On a warm breezy day in tropical Malaysia, heaven seems not so elusive.
More so if you are on holiday.
All things idyllic until you notice the amount of garbage people mount on any, I mean on any tourist attraction. Malaysians have a knack of making any spot a dump with the least amount of effort.
Effort. Now there is a word for reflection.
It is most true that things don’t get clean or kept clean without effort. Nothing is spared here in tranquil Malaysia.
The central question is not why Malaysians litter
Or why Malaysians don’t make an effort to clean
The question is, what do Malaysians think of the effort t clean.
The community rationale
You cannot ask people to act, if they are not made to rationalise the act.
In Malaysia, people expect people to, and in that lies the collapse of action.
Most politicians, administrator and all the way to the teacher – the closest connector of the state to its people at their formative years – here in our tropical haven have been raised or trained to tell, not facilitate our community’s ability to rationalise its choices.
So my immediate reaction to people who think the way to a solution is about having more civic classes or nilai-nilai murni, that they have lost the plot and seven tones of dung on a football pitch.
Our population has a major disconnect with its ownership of itself.
In my standard four class, my headmaster would teach civic and hygiene. Most of the teaching revolved around him telling us how wonderful it is to fry ikan bilis and peanuts together and keep them in a jar for constant consumption.
And in secondary school they had the loathsome gotong-royong exercise. Kids would throw themselves on barbed-wire walls to escape the ludicrous experience of cleaning the school’s drains.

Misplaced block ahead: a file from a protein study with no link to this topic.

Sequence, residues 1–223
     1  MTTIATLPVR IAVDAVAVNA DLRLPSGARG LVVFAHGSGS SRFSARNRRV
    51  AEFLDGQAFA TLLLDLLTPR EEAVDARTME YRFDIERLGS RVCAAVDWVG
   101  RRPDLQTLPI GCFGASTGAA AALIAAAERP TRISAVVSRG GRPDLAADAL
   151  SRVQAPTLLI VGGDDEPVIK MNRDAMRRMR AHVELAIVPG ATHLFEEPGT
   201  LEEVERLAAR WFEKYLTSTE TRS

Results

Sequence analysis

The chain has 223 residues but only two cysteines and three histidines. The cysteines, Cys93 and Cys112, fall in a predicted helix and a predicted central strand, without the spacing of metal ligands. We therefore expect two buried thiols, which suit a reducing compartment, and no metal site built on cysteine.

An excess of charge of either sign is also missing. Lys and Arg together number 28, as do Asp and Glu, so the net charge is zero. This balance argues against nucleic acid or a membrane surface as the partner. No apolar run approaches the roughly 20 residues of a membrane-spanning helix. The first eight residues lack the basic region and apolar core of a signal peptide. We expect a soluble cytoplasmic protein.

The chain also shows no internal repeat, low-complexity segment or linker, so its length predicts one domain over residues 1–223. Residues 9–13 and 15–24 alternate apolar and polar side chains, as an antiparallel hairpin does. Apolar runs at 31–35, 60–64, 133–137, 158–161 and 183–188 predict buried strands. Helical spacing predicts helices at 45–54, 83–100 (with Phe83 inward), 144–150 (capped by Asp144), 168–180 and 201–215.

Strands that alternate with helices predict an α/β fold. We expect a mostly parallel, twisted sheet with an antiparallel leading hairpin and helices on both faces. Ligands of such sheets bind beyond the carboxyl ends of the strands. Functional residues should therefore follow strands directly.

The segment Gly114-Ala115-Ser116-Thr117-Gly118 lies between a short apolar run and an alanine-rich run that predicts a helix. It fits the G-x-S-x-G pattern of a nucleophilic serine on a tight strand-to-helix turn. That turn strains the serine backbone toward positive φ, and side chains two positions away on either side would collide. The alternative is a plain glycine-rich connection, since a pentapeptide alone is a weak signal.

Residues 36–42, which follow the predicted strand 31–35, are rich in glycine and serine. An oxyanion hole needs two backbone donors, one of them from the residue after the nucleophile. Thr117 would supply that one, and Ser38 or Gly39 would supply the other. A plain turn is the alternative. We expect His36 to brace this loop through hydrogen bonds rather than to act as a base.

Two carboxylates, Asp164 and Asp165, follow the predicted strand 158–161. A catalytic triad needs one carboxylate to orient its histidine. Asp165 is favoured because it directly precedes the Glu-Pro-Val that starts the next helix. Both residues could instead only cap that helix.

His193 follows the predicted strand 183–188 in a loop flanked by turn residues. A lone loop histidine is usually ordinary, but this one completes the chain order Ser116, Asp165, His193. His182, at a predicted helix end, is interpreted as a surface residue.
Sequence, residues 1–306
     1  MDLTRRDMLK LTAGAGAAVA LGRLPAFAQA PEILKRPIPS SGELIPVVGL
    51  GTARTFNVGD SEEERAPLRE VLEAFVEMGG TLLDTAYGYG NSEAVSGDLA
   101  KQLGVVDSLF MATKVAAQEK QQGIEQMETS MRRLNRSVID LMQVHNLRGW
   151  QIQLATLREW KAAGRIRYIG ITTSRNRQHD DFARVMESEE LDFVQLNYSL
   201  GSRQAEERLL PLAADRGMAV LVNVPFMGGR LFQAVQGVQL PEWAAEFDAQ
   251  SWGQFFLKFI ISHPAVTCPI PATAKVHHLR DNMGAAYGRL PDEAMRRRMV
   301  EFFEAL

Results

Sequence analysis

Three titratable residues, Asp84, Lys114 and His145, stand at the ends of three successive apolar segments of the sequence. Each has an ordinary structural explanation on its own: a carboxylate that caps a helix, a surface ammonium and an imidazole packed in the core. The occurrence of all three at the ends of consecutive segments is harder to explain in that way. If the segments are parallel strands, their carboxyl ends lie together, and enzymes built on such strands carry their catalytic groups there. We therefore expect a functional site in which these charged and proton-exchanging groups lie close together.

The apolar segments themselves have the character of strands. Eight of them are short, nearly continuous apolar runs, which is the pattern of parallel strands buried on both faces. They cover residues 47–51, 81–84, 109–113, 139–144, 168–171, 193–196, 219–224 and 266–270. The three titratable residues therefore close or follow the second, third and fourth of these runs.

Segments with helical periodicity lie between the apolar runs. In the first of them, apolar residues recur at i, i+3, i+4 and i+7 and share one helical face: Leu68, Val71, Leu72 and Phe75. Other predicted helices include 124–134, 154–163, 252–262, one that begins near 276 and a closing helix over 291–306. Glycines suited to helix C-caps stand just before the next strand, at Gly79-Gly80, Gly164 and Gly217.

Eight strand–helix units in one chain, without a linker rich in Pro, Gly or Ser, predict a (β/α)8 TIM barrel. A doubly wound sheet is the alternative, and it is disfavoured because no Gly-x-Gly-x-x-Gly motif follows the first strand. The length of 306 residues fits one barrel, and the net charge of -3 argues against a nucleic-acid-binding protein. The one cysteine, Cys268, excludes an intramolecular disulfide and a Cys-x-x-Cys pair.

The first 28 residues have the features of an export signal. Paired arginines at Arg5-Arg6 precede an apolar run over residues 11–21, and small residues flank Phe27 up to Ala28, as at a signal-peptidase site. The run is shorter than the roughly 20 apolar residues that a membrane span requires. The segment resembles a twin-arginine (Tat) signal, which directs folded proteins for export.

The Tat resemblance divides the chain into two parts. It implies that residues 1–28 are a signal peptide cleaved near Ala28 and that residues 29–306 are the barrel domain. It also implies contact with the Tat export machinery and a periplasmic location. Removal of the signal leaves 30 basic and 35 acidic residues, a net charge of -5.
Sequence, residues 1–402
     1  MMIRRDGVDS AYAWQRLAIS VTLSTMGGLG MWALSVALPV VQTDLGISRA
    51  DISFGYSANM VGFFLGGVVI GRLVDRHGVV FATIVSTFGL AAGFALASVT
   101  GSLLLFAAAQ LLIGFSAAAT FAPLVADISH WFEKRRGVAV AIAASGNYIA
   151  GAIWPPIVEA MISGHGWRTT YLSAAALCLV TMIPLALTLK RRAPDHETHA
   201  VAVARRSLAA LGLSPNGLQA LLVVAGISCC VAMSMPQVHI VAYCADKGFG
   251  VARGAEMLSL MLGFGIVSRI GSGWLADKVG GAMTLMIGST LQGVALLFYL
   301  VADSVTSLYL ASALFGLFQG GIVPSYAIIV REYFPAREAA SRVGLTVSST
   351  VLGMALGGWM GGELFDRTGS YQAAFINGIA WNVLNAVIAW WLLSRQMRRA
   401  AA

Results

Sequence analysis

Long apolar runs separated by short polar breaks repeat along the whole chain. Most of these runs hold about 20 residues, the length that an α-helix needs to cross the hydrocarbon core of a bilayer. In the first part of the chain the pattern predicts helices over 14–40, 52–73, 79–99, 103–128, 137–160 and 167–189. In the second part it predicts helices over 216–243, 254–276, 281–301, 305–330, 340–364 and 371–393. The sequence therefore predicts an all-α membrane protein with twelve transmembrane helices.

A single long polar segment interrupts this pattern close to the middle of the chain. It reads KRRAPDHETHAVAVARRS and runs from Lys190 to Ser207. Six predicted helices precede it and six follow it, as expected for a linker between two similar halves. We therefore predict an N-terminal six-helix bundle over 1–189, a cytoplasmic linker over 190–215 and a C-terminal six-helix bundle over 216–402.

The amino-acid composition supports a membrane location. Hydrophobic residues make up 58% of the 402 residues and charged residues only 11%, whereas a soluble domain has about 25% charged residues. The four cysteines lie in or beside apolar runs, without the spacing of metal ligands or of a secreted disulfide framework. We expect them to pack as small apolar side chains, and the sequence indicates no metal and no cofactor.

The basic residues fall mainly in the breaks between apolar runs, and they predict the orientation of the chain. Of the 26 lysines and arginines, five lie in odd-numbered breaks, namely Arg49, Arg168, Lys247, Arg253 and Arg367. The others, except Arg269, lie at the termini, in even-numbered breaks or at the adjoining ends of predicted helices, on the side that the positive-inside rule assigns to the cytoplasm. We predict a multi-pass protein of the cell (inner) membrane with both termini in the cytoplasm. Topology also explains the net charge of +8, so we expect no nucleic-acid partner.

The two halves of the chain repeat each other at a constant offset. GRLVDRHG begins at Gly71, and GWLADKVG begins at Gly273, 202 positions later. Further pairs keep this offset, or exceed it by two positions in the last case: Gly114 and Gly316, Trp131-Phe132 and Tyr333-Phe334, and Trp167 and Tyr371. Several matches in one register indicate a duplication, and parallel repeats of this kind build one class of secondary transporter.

Because no where, really no where, did any teacher took on the task of engaging the students.
We talk to each other – teachers and students, but really it was not real talking. They say and we are supposed to do.
Do as we say, not what we do.
The do culture
Teenagers don’t unwillingly stuff plastic cups, wood or major appliances inside drains, toilets and sinks. They know what they are doing.
How many teachers ask their kids why they care not to exert the effort to do something for their community? Better still, how many want to hear honestly what the student feels and thinks?
The top down culture in this country (yes, yes Umno fostered it as much as they could) is bleeding the nation’s ability to understand its own existence.
If you want people to keep things clean, you got to ask them if it is worth it to keep it clean – because we are asking them to expand their energy.
They are likely to quickly establish the benefits of cleanliness; however they will have concerns on if the burden is going to be shared equally by all classmates, and then all of the school’s population.
And once they establish a relationship equilibrium, they will want to be involved in the resolution of it, since they are forwarding their answer to the problem.
Plus the solution might fail, but if they feel their ideas are disregarded from the word go as it is the case now, then they rather not bother to involve, to express or even listen.
You only get your community involved if they are allowed to be wrong just as much as the people in higher echelons of power.
Judge the merit of their method as much as the result.
Suffice to say, the starting point is real involvement of all your stakeholders, not just a set of orders designed by technocrats.
Talking – two way talking – is the path to solutions for most of, if not all our problems.